The revision of ISPO and its new implementing regulations have bolstered ISPO’s robustness and credibility significantly.

It is becoming apparent in the global palm oil community that not only is ISPO a serious ongoing concern with the backing of Indonesia’s President, but also that it is being implemented on a large scale across Indonesia, unprecedented in other countries and also outperforming expectations of many palm oil commentators.

Despite this, there are some fundamental misunderstandings about ISPO, and some miscommunication about ISPO that is taking place across the world, with several NGO reports attempting to discredit the standard.

Western stakeholders in the past have expressed concerns about peatlands or forest protection, GHG emissions and exploitation (labour rights and human rights) in Indonesia.

These have been referred to by some groups as NDPE (No deforestation, peat, exploitation) issues. Support for local communities has also emerged recently. So, how does ISPO manage these issues under its new revised standards?

Peatlands and Deforestation

The revised standard has a number of requirements in place for peatlands and forests. The first is that any activity complies with all relevant national and local laws – including the now-permanent moratorium on new planting in peatland and primary forest areas. Therefore, by definition, ISPO prohibits news planting in those areas.

The standard requires that any pre-existing plantations on peatland must be managed appropriately, and in addition that any new plantings meet all legal requirements for plantation establishment – including that all legal requirements for land permits are met. This includes ensuring no peatlands are included, and that any risks to peatlands are assessed accordingly.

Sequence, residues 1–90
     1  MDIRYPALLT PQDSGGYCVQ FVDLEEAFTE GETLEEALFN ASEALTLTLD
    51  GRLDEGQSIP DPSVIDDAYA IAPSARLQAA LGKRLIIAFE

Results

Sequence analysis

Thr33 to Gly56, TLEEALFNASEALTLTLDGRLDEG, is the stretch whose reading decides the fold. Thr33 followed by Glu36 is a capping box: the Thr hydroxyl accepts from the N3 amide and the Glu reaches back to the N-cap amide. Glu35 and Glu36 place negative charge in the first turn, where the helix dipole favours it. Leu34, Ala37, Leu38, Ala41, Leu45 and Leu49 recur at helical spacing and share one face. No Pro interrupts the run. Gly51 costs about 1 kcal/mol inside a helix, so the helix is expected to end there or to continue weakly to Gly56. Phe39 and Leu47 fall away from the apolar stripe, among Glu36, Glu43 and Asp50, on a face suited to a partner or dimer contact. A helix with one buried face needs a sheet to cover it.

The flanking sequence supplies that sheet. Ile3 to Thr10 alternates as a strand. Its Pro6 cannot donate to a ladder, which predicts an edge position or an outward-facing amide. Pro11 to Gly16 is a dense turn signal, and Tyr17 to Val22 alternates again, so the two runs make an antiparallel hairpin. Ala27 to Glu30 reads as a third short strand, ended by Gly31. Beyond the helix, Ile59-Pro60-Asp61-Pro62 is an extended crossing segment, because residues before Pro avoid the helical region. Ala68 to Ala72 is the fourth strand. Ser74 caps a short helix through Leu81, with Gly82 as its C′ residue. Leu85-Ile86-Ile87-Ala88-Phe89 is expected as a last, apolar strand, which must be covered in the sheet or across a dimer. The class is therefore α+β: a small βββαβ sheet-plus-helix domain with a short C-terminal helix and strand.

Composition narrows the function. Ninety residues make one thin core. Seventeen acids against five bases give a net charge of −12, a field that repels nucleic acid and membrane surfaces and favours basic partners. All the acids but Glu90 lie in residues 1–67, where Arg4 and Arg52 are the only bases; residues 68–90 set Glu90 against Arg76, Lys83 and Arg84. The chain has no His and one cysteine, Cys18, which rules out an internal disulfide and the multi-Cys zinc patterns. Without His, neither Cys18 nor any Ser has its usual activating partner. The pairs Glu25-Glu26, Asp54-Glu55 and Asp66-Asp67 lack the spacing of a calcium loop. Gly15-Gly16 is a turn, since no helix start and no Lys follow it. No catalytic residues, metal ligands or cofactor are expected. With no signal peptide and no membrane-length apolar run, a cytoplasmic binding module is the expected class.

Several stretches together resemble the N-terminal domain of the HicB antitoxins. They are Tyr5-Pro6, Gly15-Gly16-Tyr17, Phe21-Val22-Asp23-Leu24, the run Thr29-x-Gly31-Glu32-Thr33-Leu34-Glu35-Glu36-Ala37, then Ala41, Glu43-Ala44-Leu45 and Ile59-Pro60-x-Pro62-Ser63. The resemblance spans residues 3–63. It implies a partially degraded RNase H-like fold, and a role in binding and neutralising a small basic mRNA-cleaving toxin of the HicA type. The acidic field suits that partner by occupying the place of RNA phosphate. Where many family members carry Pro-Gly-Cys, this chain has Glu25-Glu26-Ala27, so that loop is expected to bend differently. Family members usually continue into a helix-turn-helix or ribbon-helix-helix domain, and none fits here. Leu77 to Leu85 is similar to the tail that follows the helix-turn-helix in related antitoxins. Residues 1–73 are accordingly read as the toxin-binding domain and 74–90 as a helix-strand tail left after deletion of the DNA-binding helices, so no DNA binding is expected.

The clearest provision is that ISPO requires documentation that businesses have not opened peatland areas – this also applies to forests.

Similarly, any previously forested areas (e.g. forested agricultural land or production forest areas released by the Ministry of Forestry) that have been used for plantation development are required to have all release permits from relevant national authorities.  In other words, historical deforestation must be accounted for.

Greenhouse Gas Emissions

Operators are required to document, calculate and account for all GHG emissions sources for their operations. They are further required to have procedures in place for GHG mitigation. 

Labour Rights and Human Rights